And the Aboriginal people had impeccable credentials, it was their site, they owned it and they were taking the anthropologist to tell him all about it. They arrived at the site where there was a large . . . you know, one of those enormous Arnhem Land boulders and with some cave paintings around the base. And the paintings included kangaroos, and barramundis and people and snakes and the anthropologist asked the Aborigines, now, tell me what is this site? And they said, ah, this is the emu site. We are the emu totem men and this is our important emu site. So the anthropologist looked back at the paintings and he saw no emus. He saw kangaroos and barramundi etc, but no paintings of emus. So he inquired about this and the Aborigines said, oh no no the rock is the emu, it 's the mythical emu who travelled from the East and did this and did that and when he came here he died and the rock is his body. So that's the emu significance. So the anthropologist said yes, but what about those paintings of kangaroos and things? And the Aborigines said, ah, well, when we come to this site, and we perform ceremonies, the emu totem ceremonies, we get painted up, we dance, we sing and we have an audience. We invite our mothers' brothers and people related from other clans, and they come to make up the audience. And when we've done our thing they have to pay us. And they pay us by painting on the rock. And they paint their own totems. If they are kangaroo men they paint kangaroos, pythons paint pythons and so on. So the art site is a glorified visitors' book.

I could go on to give all sorts of examples of misnomers as to what might be misunderstood to be a sacred site just because it has Aboriginal art upon it. In the past anthropologists have tended to take a preconceived, prejudiced view about what the fabric and structure of the Aboriginal community has been, what is sacred to it and what is of religious and spiritual significance. But those views have almost been set in concrete. Anthropologists are like geologists and many professional people. They like to take a preconceived notion, poor, incompetent and inadequate though it might be. They are terrified that changing their point of view might show them to have been wrong for a very long time. Under this Bill the Minister will be taking advice, presumably, only from people close to him. Given the embryonic beginnings of this Bill and the nature of those who assisted in its conception, one can draw only the conclusion that the advice the Minister will receive will again be from those sorts of people.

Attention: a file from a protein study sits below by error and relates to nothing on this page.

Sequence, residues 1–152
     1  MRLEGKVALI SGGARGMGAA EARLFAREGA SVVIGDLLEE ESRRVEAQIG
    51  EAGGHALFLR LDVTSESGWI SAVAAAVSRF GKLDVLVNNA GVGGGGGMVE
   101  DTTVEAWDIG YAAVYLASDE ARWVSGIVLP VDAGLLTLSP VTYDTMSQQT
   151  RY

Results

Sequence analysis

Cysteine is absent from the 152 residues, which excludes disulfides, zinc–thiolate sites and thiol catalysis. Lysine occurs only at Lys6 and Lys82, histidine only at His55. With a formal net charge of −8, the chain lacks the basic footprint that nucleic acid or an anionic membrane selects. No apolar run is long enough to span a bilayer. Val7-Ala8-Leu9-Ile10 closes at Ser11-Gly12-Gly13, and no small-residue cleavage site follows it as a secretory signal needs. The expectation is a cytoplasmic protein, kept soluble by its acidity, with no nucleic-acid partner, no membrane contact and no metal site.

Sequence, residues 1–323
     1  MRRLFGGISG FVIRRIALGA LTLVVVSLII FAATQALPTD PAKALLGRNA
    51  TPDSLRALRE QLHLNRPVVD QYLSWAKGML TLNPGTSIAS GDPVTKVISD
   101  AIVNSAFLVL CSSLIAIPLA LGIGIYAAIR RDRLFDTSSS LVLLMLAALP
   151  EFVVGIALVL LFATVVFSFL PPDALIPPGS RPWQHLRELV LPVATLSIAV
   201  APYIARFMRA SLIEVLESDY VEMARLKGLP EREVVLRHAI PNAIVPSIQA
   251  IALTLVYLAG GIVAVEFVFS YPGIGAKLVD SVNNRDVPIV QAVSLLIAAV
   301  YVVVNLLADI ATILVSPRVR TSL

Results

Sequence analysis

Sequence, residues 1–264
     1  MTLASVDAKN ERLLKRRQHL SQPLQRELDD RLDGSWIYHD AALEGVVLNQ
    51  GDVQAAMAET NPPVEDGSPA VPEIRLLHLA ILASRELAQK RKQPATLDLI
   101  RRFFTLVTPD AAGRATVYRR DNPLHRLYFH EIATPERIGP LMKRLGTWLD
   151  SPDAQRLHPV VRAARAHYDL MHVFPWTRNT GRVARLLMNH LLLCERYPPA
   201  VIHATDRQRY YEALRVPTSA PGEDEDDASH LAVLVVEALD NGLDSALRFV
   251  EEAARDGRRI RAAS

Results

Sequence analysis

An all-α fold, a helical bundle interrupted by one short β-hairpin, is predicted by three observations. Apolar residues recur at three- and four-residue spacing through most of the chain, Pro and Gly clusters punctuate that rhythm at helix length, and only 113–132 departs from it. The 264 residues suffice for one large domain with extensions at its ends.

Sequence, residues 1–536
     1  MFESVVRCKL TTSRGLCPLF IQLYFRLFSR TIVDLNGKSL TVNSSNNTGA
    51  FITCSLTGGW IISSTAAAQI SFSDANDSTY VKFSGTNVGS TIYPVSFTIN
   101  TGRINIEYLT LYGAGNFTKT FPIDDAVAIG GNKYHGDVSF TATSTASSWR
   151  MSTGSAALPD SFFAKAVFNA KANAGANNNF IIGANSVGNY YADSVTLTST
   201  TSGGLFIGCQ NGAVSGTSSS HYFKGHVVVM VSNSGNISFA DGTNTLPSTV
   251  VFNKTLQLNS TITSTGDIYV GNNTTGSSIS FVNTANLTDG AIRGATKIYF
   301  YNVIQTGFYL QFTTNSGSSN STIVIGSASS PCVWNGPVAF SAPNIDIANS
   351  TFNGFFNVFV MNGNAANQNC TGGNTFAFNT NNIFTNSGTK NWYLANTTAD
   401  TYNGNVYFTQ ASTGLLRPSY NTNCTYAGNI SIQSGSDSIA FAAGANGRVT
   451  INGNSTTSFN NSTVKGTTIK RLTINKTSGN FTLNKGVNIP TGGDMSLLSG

Looking at the wider definition of Aboriginal tradition, we have sets of words in the Bill that allow for a very wide ambit in respect of such areas. It must be obvious to the Minister that almost any area regarding which it can be demonstrated that there has in the past been an Aboriginal presence could fall under the hammer of a declaration. The difficulty, of course, is that Aboriginal heritage is dynamic. It is constantly changing and adapting. It is not static. How one clearly draws the distinction in terms of this definition, I really do not know. After looking at this clause I am led inexorably to the view and impression that it is the imprimatur for the Minister to set aside land simply for the purpose of providing de facto land rights. I am drawn to that conclusion because he says that he will embrace this principle at a later time in more draconian legislation.

I ask the Minister in sincerity to explain to me what is intended by the words 'Aboriginal tradition', when all that is really being said is that 'Aboriginal tradition' means to the Government absolutely everything related to the Aboriginal community. It is not definitive in any sense. It is open-ended and it can result in a situation where almost any area that shows an indication of a previous Aboriginal presence can fall within the framework of this definition.